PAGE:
Royal Mail has been fined £1.6m by the communications regulator Ofcom for delivering letters late and overcharging for stamps.
Ofcom requires the postal service to deliver 93% of first-class post within one working day of collecting it but Royal Mail undershot the target, with only 91.5% of post arriving on time during the 2018-19 financial year.
Royal Mail argued that its performance was hindered by roadworks carried out by Highways England but Ofcom said it still underperformed, even adjusting for the impact of disruption.
Gaucho Rasmussen, Ofcom’s director of investigations and enforcement, said: “Many people depend on postal services and our rules are there to ensure they get a good service, at an affordable price.
“Royal Mail let its customers down and these fines should serve as a reminder that we’ll take action when companies fall short.”
Ofcom fined Royal Mail £1.5m for the breach of obligations, which it said was not repeated this year, once the impact of Covid-19 was taken into account.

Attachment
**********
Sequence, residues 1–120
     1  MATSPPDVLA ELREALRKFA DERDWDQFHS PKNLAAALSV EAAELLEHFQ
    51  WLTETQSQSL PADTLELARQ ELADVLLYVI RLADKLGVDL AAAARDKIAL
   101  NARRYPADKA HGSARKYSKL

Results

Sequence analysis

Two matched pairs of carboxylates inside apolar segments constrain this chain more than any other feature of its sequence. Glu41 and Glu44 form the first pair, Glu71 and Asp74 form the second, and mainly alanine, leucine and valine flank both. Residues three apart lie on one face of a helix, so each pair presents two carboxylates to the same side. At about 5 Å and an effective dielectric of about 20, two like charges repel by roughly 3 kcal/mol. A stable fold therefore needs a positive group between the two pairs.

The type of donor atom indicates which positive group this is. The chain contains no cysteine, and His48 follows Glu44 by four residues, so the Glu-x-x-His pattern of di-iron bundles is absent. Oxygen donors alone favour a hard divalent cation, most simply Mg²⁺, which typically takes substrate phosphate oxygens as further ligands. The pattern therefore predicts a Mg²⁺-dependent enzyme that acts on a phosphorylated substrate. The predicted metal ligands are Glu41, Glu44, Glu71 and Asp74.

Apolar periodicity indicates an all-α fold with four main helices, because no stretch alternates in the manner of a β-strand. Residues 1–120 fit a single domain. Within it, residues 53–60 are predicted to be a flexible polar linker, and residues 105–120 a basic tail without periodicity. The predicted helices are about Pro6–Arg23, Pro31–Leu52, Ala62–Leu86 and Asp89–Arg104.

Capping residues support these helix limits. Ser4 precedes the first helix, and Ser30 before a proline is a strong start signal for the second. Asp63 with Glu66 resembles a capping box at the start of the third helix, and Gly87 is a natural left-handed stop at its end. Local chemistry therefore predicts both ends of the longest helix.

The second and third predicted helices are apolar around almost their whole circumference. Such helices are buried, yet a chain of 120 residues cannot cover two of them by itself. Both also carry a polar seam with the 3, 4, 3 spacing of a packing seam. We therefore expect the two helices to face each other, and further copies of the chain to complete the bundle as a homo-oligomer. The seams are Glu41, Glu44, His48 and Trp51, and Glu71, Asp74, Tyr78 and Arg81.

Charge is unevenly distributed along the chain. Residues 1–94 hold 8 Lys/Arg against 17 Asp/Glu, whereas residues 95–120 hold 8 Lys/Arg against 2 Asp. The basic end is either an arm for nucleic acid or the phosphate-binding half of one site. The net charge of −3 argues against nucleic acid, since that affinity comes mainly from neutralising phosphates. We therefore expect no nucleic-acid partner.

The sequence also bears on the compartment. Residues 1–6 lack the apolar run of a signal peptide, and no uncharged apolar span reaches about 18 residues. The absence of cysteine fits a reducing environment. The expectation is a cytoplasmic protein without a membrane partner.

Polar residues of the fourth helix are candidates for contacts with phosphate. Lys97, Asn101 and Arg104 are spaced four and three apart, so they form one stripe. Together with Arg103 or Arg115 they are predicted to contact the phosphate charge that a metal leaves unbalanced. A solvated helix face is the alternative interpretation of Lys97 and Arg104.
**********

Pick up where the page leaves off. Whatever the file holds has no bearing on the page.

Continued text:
The regulator also handed down an additional fine of £100,000 after it found that Royal Mail had overcharged customers for second-class stamps for a week in March 2019.
Ofcom capped the price of second-class stamps at 60p from 1 April 2018 to the end of March 2019 but Royal Mail exceeded this by a penny in the week before the cap was lifted.
Customers were overcharged by £60,000, indicating that the postal service overcharged for 6m stamps during the week-long period, money that it is unable to refund.
“Given the harm caused and failure in its processes to stick to the price cap, we have decided to fine Royal Mail £100,000,” Ofcom said.
“It has since made changes to its compliance processes that it says will prevent this error from happening again.”
A Royal Mail spokesperson said it was disappointed with its performance, adding: “We accept and understand Ofcom’s decision.
“We accept and note Ofcom’s decision around the 2019 second-class price cap. We made a mistake.
“At the time, we sought to put this error right by publicly acknowledging our mistake.
“We also donated the revenue that we expected to make from this error – £60,000 – to our chosen charity Action for Children, which helps young people at risk of developing mental health problems.”
Royal Mail has been struggling with labour disputes and falling letter volumes, leading to the departure of its chief executive, Rico Back, in May.
The company, which was privatised in 2013, last month announced a cost-cutting plan that will involve about 2,000 job losses.